I recall that delightful Jim Carrey starrer ‘The Mask’ of almost two decades back. In the movie, merely putting on the magical mask would at once transform the otherwise meek and submissive Stanley Ipkiss (Jim Carrey) into a brash, uninhibited and intractable guy with super-hero powers. Predictably the Mask was able to achieve all that his alter ego Ipkiss could only dream of.
What if we could lay our hands on such a magical mask and make all our dreams come true?
As I think of this, I realise that I too have a mask which I wear. Where did this mask come from? I think back into my past to find an answer. Growing up, in school and at home, I was ‘taught’ to smoothen the jagged, impulsive edges of who I was, to conform to all that surrounded me. I quickly ‘learnt’ to keep my jaggedness and impulses under wraps for fear of being branded a rebel. This need to conform, to show up the way others wanted me to, brought the first layers of my mask.
At work, I remain conditioned to use the authority vested in me by my job title. Over the years I have ‘learnt’ to show up in set ways to demand respect and results from others. Day in, day out, this need to show up as someone larger than who I am, a know-all superior guy, seemingly in control, has made up more layers of my mask.
I see that the mask has served me to achieve outcomes. But as it has served, it has also hardened to become an intrinsic part of who I am. So intrinsic that today it is the mask which mostly ‘runs the show’, not the authentic me. I have become the Mask. That imposter strutting on the world stage, relegating the authentic me into the dark recesses.
What is it that compels me to wear the mask? What is it that makes me hide behind it thus? I see this emanating from my need to wield power, control outcomes, what I want to do. So I hide behind my mask, forgetting who I want to be. Yes, my “what I want to do’ has taken precedence over “who I want to be.”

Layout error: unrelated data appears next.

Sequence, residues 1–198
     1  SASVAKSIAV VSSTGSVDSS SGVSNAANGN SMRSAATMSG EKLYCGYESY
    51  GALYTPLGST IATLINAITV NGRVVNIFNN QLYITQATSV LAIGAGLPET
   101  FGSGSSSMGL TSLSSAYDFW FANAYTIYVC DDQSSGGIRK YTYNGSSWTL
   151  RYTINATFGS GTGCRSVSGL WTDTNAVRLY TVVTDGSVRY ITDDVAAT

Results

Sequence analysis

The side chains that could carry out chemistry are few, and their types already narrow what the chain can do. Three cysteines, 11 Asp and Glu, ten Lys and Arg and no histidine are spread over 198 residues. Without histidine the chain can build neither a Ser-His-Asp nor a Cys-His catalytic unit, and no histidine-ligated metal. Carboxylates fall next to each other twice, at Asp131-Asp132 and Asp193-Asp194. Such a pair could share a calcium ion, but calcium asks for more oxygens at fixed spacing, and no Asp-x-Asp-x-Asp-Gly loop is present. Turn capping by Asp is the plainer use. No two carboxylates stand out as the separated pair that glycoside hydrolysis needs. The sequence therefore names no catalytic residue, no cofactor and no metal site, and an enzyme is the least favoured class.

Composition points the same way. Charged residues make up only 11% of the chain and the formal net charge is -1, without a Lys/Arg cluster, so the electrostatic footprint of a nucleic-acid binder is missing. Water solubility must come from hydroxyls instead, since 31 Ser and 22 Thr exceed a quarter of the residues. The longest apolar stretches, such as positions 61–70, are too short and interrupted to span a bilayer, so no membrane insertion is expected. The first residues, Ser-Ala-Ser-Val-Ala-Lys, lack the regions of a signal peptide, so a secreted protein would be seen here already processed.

A voice asks. “You have had your way, done what you wanted to. Have your dreams come true?”
Pondering over this question, I can only whisper, “Not really…… I still search for that elusive pot of happiness and fulfillment.”
“What could be the way forward?” I ask.
‘What if you could redeem your true self from the role you have got conditioned to play? What if you could forget what you want to do? What if you could just be who you want to be?” says the departing voice.
But what would this take?
Am I prepared to embrace openness and be vulnerable?
Can I be non-judgemental?
Am I prepared to let go of my fear of rejection?
Am I willing to surrender?
Like Ipkiss, I decide to let go of the mask. As I negotiate this rarely trodden path to mask-freedom, I luxuriate in the myriad human connections, their love and sharing that approach the authentic me. I see now what a great trade-off this has been.
“Chronicler shook his head and Bast gave a frustrated sigh.”How about plays? Have you seen The Ghost and the Goosegirl or The Ha’penny King?”
Chronicler frowned. “Is that the one where the king sells his crown to an orphan boy?”
Bast nodded. “And the boy becomes a better king than the original. The goosegirl dresses like a countess and everyone is stunned by her grace and charm.” He hesitated, struggling to find the words he wanted. “You see, there’s a fundamental connection between seeming and being. Every Fae child knows this, but you mortals never seem to see. We understand how dangerous a mask can be. We all become what we pretend to be.”
Extracted from ‘The Name of the Wind” from the Kingkiller Chronicle series by Patrick Rothfuss, 2007
In learning……………… Shakti Ghosal